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Minister Questioned Over Delhi’s Controversial Incinerator

On four occasions out of ten, levels of Particulate Matter (PM) at Delhi’s controversial Okhla waste to energy facility have exceeded the standard of 150 mg/Nm3, according to India’s Ministry of Environment & Forests.

Speaking in the Rajya Sabha or Council of States – the upper house of the Parliament of India, the Minister of State for Environment & Forests, Jayanthi Natarajan said that complaints have been received against the incineration of municipal waste and its possible harmful effects on air quality and human health.

According to Natarajan, as per the information provided by Delhi Pollution Control Committee (DPCC), un to March 6 this year a total of 27,469 tonnes of municipal solid waste has been incinerated at the facility.

A further 3250 tonnes of solid waste was said to be lying in the collection pit at the plant.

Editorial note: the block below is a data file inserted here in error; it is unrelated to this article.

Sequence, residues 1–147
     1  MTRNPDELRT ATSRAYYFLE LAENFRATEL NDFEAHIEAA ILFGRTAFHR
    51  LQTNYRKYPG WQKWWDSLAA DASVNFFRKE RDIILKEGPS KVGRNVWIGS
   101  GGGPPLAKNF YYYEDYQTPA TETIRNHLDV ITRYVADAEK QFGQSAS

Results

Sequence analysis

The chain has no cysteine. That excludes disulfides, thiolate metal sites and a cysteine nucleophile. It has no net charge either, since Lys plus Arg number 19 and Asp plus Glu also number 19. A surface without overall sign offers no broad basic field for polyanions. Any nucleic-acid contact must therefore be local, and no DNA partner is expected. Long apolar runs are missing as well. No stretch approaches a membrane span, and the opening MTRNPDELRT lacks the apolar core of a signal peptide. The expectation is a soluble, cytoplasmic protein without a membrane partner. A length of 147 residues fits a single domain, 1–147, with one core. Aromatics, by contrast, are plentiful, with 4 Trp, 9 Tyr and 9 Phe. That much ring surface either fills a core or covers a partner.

Natarajan further informed the House that DPCC is regularly monitoring the emissions from the stack attached to the plant.

Levels of oxides of Nitrogen (NOx) and Hydrochloric acid mist (HCl) are found to be within the standards, as prescribed in the Municipal Solid Waste (Management and Handling) Rules, 2000.

However, on four occasions out of ten, levels of Particulate Matter (PM) exceeded the standard of 150 mg/Nm3.

The Minister said that as per the Central pollution Control Board, the technology being used by the Waste to Energy plant at Okhla is as specified in the Municipal Solid Waste Rules, 2000.

Dr Martin Williams. Writing. Photography. Multimedia.
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